Journal Article

Day Care, Childhood Infections, and Risk of Neuroblastoma

Florence Menegaux, Andrew F. Olshan, Joseph P. Neglia, Brad H. Pollock and Melissa L. Bondy

in American Journal of Epidemiology

Published on behalf of Johns Hopkins Bloomberg School of Public Health

Volume 159, issue 9, pages 843-851
Published in print May 2004 | ISSN: 0002-9262
Published online May 2004 | e-ISSN: 1476-6256 | DOI: http://dx.doi.org/10.1093/aje/kwh111
Day Care, Childhood Infections, and Risk of Neuroblastoma

Show Summary Details

Preview

Neuroblastoma is the most common cancer in infants worldwide, but little is known about its etiology. Infectious etiologies involving the immune system have been hypothesized for some childhood cancers, especially leukemia, but the role of infectious agents in neuroblastoma has not been fully investigated. The authors used data from a large case-control study conducted by the Children’s Oncology Group in the United States and Canada in 1992–1994 to investigate whether there was any relation among day-care attendance, childhood infections, allergies, and neuroblastoma. They interviewed mothers of 538 case children and 504 age-matched control children by telephone about several factors, including pregnancy, medical history, lifestyle, and childhood medical conditions and exposures. The results suggested decreased risks associated with day-care attendance (odds ratio (OR) = 0.81, 95% confidence interval (CI): 0.56, 1.17), childhood infectious diseases (chickenpox, mumps, red measles, and German measles) (OR = 0.60, 95% CI: 0.39, 0.93), and allergies (OR = 0.68, 95% CI: 0.44, 1.07). The authors found reduced neuroblastoma risk associated with markers of potential childhood infections. This suggests a possible role of infectious agents in neuroblastoma etiology. Future epidemiologic studies should incorporate more direct data on infection.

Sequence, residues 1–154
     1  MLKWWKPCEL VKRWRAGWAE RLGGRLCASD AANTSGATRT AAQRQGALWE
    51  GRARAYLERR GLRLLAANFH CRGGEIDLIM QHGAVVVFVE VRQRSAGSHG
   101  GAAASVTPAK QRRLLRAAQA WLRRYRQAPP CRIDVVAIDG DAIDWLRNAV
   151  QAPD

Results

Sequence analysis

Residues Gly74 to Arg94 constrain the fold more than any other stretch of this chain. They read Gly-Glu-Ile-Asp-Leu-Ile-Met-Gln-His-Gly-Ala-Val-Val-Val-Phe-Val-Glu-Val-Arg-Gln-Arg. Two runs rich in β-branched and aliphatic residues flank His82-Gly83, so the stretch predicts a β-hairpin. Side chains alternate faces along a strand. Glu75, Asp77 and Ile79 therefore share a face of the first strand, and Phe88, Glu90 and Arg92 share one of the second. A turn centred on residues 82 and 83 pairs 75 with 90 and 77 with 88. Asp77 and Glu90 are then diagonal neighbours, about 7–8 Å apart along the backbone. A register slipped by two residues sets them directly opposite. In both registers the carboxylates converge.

Keywords: child; day care; hypersensitivity; infection; neuroblastoma; Abbreviations: CI, confidence interval; OR, odds ratio.

Journal Article.  5298 words. 

Subjects: Public Health and Epidemiology

Full text: subscription required

How to subscribe Recommend to my Librarian

Users without a subscription are not able to see the full content. Please, subscribe or login to access all content.